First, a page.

Knowing my love of all things pro wrestling, a friend of my father’s recently sent along an older book, Me by Jimmy (Big Boy) Valente by American satirist Garrison Keillor. It came out in 1999, appropriately enough, at the height of fame for Jesse “The Governor” Ventura.

Remember him? He was once relevant as Governor of Minnesota.

Keillor’s fictional creation, Jimmy (Big Boy) Valente, is essentially Ventura with the volume turned up even higher — if that’s possible.

Valente dictates his life story to Keillor, who is a public radio darling in the U.S., and the author of a ton of books. (He also happens to be a Minnesotan, so he lived through the wild ride of Ventura.) The back-and-forth asides with Big Boy complaining about the liberalness, and general wimpyness, of the writer himself, are some of the highlights of Me.

We start with the adopted Valente in his early days, high school, and then in to the WALRUS arm of the United States military. It’s while stationed in Vietnam that Valente really steps into his own, and acquires a life-long friend/nemesis in The Rodent.Returning from the war, Valente falls into professional wrestling in Alaska and it grows from there.

Instead of “just” being “The Body” as a wrestler and a commentator, Valente becomes a Vince McMahon-like promoter, running the largest wrestling promotion in the world and making oodles of dough in the process.

The decision of Valente to become a small-time mayor and then later run for governor mirror Ventura perfectly though.

The book in its entirety is quite a joyful romp, ridiculous in its allusions to reality. Knowing what we know now, that Ventura was a one-trick pony who devolved from mainstream politician to crackpot on the media’s fringes, it’s a particular type of look into the past.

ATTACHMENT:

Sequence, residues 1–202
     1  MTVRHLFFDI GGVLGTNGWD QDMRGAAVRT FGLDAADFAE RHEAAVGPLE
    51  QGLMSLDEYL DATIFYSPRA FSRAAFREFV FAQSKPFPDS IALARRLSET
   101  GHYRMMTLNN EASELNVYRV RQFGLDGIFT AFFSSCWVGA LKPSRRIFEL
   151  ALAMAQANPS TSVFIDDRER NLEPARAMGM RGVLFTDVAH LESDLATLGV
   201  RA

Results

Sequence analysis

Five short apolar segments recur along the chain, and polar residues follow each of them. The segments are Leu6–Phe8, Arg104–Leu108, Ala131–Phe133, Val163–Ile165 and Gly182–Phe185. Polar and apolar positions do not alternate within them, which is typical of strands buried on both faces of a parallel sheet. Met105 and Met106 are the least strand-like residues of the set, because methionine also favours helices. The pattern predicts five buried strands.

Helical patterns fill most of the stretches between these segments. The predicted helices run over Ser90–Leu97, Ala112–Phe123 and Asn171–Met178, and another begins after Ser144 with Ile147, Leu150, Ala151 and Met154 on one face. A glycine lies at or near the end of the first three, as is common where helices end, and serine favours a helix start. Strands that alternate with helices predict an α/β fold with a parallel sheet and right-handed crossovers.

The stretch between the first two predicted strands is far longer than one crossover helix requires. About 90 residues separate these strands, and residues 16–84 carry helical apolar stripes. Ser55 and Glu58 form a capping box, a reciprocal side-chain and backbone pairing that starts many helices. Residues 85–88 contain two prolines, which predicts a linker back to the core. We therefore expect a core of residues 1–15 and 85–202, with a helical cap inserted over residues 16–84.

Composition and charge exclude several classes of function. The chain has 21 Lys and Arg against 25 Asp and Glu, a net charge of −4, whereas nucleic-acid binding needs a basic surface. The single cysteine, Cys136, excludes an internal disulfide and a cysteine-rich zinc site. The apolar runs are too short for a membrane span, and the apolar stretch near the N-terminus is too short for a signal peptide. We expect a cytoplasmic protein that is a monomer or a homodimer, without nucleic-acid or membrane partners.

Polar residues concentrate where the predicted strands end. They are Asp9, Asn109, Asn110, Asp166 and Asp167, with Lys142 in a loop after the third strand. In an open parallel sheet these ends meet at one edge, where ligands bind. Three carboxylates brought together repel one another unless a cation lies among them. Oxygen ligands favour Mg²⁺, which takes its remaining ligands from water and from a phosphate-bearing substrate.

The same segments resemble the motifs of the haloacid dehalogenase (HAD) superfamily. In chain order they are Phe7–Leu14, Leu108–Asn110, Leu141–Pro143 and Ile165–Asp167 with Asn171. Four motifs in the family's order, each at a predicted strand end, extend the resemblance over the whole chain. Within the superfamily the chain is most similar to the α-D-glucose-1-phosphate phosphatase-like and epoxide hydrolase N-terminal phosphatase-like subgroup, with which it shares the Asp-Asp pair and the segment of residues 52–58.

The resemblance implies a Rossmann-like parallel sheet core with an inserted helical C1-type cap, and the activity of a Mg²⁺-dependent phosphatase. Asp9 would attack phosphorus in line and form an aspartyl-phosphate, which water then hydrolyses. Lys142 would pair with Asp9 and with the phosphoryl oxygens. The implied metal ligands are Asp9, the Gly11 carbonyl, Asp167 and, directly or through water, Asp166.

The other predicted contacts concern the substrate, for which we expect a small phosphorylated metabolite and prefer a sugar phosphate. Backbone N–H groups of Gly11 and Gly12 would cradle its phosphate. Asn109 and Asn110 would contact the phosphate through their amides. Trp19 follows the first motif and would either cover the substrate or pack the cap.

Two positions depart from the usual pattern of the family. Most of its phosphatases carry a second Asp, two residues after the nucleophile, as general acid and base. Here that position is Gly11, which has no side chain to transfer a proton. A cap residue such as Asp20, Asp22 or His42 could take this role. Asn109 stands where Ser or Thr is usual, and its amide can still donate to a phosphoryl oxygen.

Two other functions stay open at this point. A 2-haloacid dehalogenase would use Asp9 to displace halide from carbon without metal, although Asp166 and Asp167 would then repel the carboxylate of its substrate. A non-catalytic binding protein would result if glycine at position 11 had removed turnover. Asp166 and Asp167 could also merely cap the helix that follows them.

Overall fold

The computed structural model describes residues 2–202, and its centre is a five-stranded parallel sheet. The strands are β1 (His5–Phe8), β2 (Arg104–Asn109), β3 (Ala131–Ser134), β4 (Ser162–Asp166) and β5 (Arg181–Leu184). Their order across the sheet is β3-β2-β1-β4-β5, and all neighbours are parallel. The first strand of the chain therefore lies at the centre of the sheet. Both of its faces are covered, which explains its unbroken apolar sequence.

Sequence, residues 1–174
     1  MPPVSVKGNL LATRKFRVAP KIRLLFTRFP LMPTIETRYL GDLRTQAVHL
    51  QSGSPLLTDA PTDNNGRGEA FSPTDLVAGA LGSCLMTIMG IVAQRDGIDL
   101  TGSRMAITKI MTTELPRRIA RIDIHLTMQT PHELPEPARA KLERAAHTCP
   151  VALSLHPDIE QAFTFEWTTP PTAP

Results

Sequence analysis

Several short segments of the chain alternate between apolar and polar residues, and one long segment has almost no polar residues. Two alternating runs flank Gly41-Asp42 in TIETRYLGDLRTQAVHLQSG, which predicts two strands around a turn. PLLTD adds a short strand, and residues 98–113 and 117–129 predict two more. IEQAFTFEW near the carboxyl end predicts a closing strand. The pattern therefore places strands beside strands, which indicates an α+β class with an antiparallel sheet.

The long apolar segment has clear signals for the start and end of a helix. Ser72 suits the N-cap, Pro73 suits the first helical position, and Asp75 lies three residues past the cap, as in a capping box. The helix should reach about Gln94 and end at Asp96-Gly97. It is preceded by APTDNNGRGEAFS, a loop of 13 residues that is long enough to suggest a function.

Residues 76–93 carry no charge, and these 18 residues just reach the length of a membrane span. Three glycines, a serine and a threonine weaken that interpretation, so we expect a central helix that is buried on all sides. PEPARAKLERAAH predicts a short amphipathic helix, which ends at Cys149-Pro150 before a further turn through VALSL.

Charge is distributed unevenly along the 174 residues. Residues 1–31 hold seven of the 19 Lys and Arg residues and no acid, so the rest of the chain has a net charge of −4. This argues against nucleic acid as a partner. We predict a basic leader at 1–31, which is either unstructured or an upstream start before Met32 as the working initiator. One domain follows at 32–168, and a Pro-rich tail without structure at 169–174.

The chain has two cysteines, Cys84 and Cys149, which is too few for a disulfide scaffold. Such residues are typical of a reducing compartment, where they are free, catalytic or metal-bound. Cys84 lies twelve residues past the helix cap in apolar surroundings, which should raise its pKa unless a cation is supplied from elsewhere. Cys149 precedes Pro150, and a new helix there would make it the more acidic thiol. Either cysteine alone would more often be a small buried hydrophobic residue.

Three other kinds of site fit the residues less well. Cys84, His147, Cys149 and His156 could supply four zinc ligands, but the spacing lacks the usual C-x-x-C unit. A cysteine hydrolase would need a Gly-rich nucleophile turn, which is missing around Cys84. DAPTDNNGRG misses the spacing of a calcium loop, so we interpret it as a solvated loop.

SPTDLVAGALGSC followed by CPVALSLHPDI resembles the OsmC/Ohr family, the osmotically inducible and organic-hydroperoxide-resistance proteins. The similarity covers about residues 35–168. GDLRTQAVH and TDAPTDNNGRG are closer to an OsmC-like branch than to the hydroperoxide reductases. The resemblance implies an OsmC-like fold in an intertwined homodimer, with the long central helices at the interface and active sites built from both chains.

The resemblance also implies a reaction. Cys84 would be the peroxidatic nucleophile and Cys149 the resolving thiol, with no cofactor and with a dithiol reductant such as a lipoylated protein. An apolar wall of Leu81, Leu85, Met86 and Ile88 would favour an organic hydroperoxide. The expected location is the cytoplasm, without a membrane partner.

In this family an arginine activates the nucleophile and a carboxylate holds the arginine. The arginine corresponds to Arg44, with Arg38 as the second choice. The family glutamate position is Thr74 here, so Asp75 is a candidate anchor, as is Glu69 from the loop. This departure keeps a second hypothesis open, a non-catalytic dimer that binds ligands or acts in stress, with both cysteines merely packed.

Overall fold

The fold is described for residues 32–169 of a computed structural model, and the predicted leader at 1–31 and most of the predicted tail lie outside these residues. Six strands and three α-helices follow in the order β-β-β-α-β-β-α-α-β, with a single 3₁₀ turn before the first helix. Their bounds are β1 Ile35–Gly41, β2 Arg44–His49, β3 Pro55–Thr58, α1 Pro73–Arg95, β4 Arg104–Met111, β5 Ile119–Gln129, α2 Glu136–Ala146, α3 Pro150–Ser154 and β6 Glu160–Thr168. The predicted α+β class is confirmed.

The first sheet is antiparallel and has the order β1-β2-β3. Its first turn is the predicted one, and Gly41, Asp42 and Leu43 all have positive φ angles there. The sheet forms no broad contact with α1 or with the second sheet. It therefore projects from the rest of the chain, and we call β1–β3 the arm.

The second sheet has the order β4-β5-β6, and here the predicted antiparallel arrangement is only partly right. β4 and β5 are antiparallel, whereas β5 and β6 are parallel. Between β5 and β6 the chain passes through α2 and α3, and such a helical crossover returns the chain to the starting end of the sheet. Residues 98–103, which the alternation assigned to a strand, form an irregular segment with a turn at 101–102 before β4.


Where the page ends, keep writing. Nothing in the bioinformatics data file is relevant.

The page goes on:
For the wrestling fan, there’s lots of wackiness with Valente’s International World Wrestling promotion.

“I’m taking over wrestling. Forget about the competition. Join me or find another line of work,” Valente says at one point just before doing just as he promised.The wrestlers that Keillor comes up with are pretty awesome — Vicious Eddie the Mohawk Kid, Hump Hooley, Mr. Disaster (with “weird hair like he had reached puberty near a nuclear power plant”), and Dave the Postal Worker.

But even better, he amps up the violence, making wrestling shows closer to action Hollywood blockbusters, with guided missiles as important to the plot points as the pre-bout ballyhoo.

At the time, I can see how this would have been a great read, especially for those who found such humour in Ventura becoming governor. Now 15 years later, it doesn’t seem dated, exactly, but more of an anachronism, a book out of time.